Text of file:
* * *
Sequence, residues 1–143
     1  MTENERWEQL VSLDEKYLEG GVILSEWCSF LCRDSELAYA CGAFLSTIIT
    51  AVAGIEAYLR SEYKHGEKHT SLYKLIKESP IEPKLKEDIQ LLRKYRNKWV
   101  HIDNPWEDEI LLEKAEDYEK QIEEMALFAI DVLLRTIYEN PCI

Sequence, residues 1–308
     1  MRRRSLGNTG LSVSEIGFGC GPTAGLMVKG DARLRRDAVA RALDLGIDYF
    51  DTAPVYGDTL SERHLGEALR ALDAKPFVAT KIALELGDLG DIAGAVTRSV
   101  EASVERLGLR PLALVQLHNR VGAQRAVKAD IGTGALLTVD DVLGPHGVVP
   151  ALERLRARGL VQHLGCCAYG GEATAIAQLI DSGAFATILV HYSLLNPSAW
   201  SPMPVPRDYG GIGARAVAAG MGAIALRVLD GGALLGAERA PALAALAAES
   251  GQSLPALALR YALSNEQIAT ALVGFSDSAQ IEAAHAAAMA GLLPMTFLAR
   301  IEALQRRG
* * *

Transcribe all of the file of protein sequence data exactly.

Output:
Sequence, residues 1–143
     1  MTENERWEQL VSLDEKYLEG GVILSEWCSF LCRDSELAYA CGAFLSTIIT
    51  AVAGIEAYLR SEYKHGEKHT SLYKLIKESP IEPKLKEDIQ LLRKYRNKWV
   101  HIDNPWEDEI LLEKAEDYEK QIEEMALFAI DVLLRTIYEN PCI

Sequence, residues 1–308
     1  MRRRSLGNTG LSVSEIGFGC GPTAGLMVKG DARLRRDAVA RALDLGIDYF
    51  DTAPVYGDTL SERHLGEALR ALDAKPFVAT KIALELGDLG DIAGAVTRSV
   101  EASVERLGLR PLALVQLHNR VGAQRAVKAD IGTGALLTVD DVLGPHGVVP
   151  ALERLRARGL VQHLGCCAYG GEATAIAQLI DSGAFATILV HYSLLNPSAW
   201  SPMPVPRDYG GIGARAVAAG MGAIALRVLD GGALLGAERA PALAALAAES
   251  GQSLPALALR YALSNEQIAT ALVGFSDSAQ IEAAHAAAMA GLLPMTFLAR
   301  IEALQRRG